With Funds from US Mexico Border Philanthropy Partnership
In February, 2022 SEAHEC signed three agreements with the US Mexico Border Philanthropy Partnership
(BPP), one each to collaborate respectively with Mexican Consulates’ Ventanilla de Salud programs in
Nogales, Douglas and Phoenix. This has allowed SEAHEC to work with partners to:
1. Inform Hispanic, Latino and undocumented communities on the importance of getting the Covid
vaccine, stigma reduction and other educational activities;
2. Develop culturally and linguistically appropriate efforts and materials to boost COVID 19
3. Conduct trainings and community events to increase COVID 19 vaccination rates among the
Latino community in our outreach area.
We are having tremendous success! Since signing of the agreement, SEAHEC and Ventanilla de Salud
program has conducted weekly outreach events, dozens of vaccination campaign days/events and
educated thousands of community members on the importance of receiving the vaccine.
Achievements to date:
Approximately 6,300 vaccinations provided between March and June 2022
37 Education & Outreach Events held
Community support and partnerships strengthened
To accomplish so much in such challenging times, SEAHEC relies on two critical strategies – utilization of
trained and trusted community health workers or “promotores de salud” to conduct outreach,
education, the cultivation and maintenance of long-term and important strategic partnerships. We
work closely with the University of Arizona Mobile Health Unit conducting joint trainings with their staff
and our CHWs. We work with local community health centers and county health department staff,
meeting and regularly planning to conduct joint events and outreach, building on existing efforts and
going to where hard to reach populations need our assistance.
Some of our numerous events included Dia de la Mujer celebration at the Mexican Consulate Nogales
with partner Mariposa Community Health Center, Brothers & Sisters of Charity Food Pantry, Youth on
the Border COVID & Kid education outreach, and collaboration with Santa Cruz County Health
Department in the Placita to conduct outreach to homeless and vulnerable peoples.
Our team at SEAHEC, alongside our partners, will keep providing the Latino community the vital
information for their family’s wellbeing.
Community Health Worker Profile:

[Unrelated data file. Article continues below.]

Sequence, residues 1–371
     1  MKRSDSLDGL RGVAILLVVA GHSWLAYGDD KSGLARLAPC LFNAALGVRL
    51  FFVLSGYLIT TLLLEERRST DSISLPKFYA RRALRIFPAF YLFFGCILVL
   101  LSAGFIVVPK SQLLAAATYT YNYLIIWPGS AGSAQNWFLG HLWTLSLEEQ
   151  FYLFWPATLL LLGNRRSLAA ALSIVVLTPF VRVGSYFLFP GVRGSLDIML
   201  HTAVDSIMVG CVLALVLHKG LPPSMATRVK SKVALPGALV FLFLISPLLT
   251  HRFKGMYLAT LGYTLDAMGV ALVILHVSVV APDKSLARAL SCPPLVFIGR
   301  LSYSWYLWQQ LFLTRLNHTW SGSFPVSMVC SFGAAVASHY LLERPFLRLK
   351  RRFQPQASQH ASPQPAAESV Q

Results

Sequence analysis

Interview with Amy Pacheco-Mata, Community Health Worker SEAHEC
What do you enjoy most about your work as CHW?
* I love my position as a CHW because I see the difference and impact, I make on not only my
community but also across the border. I enjoy the relationships I built with everyone who I interact with
especially at Casa Alitas. I see in them my own family and it’s heartwarming to know I am part of their
journey here in the U.S.
What was a major success or accomplishment of working as a CHW?
* At Casa Alitas I once spoke with a family who shared the adversities & violence they faced as they
immigrated to the U.S. They trusted me with their story and shared their needs/ worries. I provided
them with not only my attention but also the resources they most needed as they began their life here
away from the violence they feared back home. To me, success that day was knowing this family felt
heard, safe, and that we’d be there for them even after leaving Casa Alitas.
How do you remain motivated in this challenging environment educating people on COVID?
* COVID nonetheless has presented challenges, and fatigue at times. Methods I’ve used to keep me
motivated include taking a mental break and looking back at all the good I’ve done as a CHW. I also
enjoy talking with my friends and family because they remind me of my goals, accomplishments, and
positivity I may overlook. I appreciate my support system because they help me keep going and make a
difference in our communities.
Community Health Worker Amy Pacheco providing information on elderly abuse at Haven Health in
SEAHEC joins Nogales’s Youth Under the Stars Event in the Monte Carlo Bike Trail.